What is penetration pricing?

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Penetration pricing is one of the most effective pricing strategies that allows companies all over the world to maintain a leadership position in their sectors. In this blog post, we want to take a closer look at this pricing strategy. What is penetration pricing? How can you devise an effective penetration pricing strategy? And does price penetrating really work? Read on and find out!

Interestingly, penetration pricing is more popular than many people think. It’s extensively used, for example, in the FMCG and electronics sectors. The main purpose of the penetration pricing strategy is market penetration, hence the name.

Market penetration definition

In a nutshell, market penetration is a percentage measure of how much a specific product is being used or purchased by customers in relation to the total estimated market of this particular product. Let’s use an example: If you produce bikes and every fifth bike in the country is made by your company, your market penetration is 20%. This way, market penetration equals market share for a given company.

For obvious reasons, companies try to get as high market penetration as possible, especially when it comes to new products and services. And this is where penetration pricing comes in handy. What do you need to know about this strategy?

The penetration pricing strategy

penetration-pricing

When it comes to introducing new products, penetration pricing is one of the most commonly utilized strategies (together with price skimming). 

We’ve already mentioned this approach in our recent article about pricing strategies in e-commerce. The idea is simple: You start with the new product; therefore, you need to acquire as many customers as possible in order to get word of mouth and publicity. That’s why you decide to lower the initial price, making it very attractive. The reduced price encourages many people to buy your product.

Once they purchase it, they realize that it’s excellent and suits their needs. Now, it’s the right time to raise the price. Of course, some of your customers are dissatisfied, but the vast majority quickly agrees to new prices, because the product is simply worth them.

PENETRATION PRICING EXAMPLES – NETFLIX AND GILETTE

This is how streaming platforms work. For instance, until October 2020, Netflix offered viewers a 30-day free trial. This way, they managed to get millions of paying customers, and the potential loss generated within that first trial month was quickly covered with a monthly paid subscription. Interestingly, Netflix no longer offers such a free trial. They decided to try other marketing strategies[1].

And here’s the second example–Gillette. Their razors are frequently available at prices significantly lower than their competitors’. Sometimes, they are available even for free! How is that profitable? Simply because they also sell blades that are no longer so cheap, and this is where they make money.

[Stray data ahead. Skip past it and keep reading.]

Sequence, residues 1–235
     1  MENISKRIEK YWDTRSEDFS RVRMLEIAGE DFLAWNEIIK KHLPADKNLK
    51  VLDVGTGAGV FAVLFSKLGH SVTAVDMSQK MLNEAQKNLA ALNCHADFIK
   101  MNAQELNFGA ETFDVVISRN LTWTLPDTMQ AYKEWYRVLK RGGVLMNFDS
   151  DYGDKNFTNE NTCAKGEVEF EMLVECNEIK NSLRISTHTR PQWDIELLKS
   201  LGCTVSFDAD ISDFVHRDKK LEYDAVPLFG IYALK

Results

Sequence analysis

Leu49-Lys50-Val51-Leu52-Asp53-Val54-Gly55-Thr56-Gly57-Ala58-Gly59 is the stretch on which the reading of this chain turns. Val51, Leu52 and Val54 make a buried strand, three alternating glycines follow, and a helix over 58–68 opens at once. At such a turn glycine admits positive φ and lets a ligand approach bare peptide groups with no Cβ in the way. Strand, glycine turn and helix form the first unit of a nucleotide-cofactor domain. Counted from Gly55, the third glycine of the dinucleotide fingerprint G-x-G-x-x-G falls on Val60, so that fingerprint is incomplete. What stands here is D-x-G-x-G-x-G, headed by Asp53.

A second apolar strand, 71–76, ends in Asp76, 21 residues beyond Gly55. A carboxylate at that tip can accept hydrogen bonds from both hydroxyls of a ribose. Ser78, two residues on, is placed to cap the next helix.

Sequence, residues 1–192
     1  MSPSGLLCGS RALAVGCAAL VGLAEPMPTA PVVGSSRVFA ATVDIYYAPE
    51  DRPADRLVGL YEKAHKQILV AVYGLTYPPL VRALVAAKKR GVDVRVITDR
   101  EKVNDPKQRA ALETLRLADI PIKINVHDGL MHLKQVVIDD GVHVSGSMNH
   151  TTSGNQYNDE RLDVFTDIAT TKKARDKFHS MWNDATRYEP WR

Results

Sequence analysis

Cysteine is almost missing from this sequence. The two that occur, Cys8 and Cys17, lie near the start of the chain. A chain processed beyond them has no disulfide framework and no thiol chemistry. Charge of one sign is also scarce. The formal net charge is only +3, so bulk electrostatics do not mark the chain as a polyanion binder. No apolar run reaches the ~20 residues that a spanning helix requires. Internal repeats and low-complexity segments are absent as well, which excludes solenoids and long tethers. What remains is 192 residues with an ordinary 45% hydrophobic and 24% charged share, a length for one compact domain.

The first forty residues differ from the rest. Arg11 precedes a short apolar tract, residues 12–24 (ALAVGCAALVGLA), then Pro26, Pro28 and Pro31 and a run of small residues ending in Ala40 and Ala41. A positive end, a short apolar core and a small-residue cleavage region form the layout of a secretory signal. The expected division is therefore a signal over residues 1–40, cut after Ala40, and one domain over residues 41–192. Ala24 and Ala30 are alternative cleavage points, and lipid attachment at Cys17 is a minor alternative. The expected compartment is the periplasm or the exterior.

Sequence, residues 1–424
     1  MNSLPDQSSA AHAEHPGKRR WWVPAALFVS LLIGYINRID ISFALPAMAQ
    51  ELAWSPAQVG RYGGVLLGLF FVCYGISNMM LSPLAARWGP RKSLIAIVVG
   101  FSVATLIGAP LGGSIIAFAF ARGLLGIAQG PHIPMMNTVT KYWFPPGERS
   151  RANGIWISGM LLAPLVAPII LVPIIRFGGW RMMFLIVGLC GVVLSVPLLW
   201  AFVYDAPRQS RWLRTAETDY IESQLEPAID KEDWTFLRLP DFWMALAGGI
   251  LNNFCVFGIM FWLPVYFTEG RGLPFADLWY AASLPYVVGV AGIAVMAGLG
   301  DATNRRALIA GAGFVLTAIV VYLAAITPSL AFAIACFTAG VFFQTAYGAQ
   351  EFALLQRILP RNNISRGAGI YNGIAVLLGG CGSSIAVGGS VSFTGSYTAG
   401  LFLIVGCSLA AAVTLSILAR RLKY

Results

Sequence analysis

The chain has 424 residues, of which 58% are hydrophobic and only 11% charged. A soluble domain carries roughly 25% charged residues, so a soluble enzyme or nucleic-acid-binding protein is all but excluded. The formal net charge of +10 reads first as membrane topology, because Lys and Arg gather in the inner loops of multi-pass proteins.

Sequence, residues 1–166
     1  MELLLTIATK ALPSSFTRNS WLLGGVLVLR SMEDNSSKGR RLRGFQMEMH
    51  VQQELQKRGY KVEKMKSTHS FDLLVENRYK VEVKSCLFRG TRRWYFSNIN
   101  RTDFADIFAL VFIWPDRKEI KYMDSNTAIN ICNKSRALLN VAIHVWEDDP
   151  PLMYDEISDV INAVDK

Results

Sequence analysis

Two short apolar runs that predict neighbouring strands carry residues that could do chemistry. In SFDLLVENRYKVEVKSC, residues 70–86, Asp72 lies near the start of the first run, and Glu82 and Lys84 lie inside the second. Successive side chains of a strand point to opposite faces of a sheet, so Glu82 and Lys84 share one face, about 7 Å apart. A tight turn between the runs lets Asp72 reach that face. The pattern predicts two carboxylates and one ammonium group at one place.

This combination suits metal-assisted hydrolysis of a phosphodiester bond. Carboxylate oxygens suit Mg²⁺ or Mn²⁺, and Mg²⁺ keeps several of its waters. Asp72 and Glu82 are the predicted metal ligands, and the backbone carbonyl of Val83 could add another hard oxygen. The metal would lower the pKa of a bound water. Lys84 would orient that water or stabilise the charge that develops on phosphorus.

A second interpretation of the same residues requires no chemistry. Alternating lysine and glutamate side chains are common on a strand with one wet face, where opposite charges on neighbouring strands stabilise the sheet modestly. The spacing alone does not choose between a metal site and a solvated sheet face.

gilette-for-free

The benefits and limitations of the penetration pricing strategy

According to Herman Simon’s “Pricing Man” book, there are several crucial benefits of this strategy:

  • Quick increase of sales
  • Strong and long-term market position (once your customers are convinced about your product’s quality, they won’t change it for anything else)
  • Short-term cost decreases, thanks to the scale effect
  • Reduction of the failure risk
  • Deterring potential competitors

Of course, not every company can or should use this strategy. For starters, you have to invest more financial resources since you won’t make enough money in the first period of your market activity. Therefore, it’s a strategy rather for large players who can afford to wait several months for the real profits.

Secondly, the products that are being promoted with the penetration pricing strategy really have to be of great quality. Both Netflix and Gillette offer top-tier products, thus minimizing the risk that customers will depart them after the price increase.

And lastly, with some exceptions, it’s a strategy rather for B2C companies. Of course, this does not mean that B2B companies can’t use it, but it’s definitely less popular in the business-to-business setup.

Penetration pricing in e-commerce

This strategy can be easily implemented in the e-commerce world. In fact, even Gillette uses it in their online store. However, if you are a producer who wants to enter the market with a penetration pricing strategy, you ought to constantly monitor prices offered by your distributors and partners. It’s the only way to make sure there are no deviations from the suggested price and your strategy remains intact.

Additionally, you should verify your price positioning. Read more about that in our other blog post: How to check your price positioning in comparison with competitors? If you are interested in monitoring prices, including your distributors, partner stores, and competitors, use Dealavo’s price monitoring tool. Thanks to advanced AI algorithms, our tool works perfectly 24/7, giving you constant feedback from the market.

Start monitoring prices!

[1] https://www.newsweek.com/netflix-free-trial-30-days-ended-1562623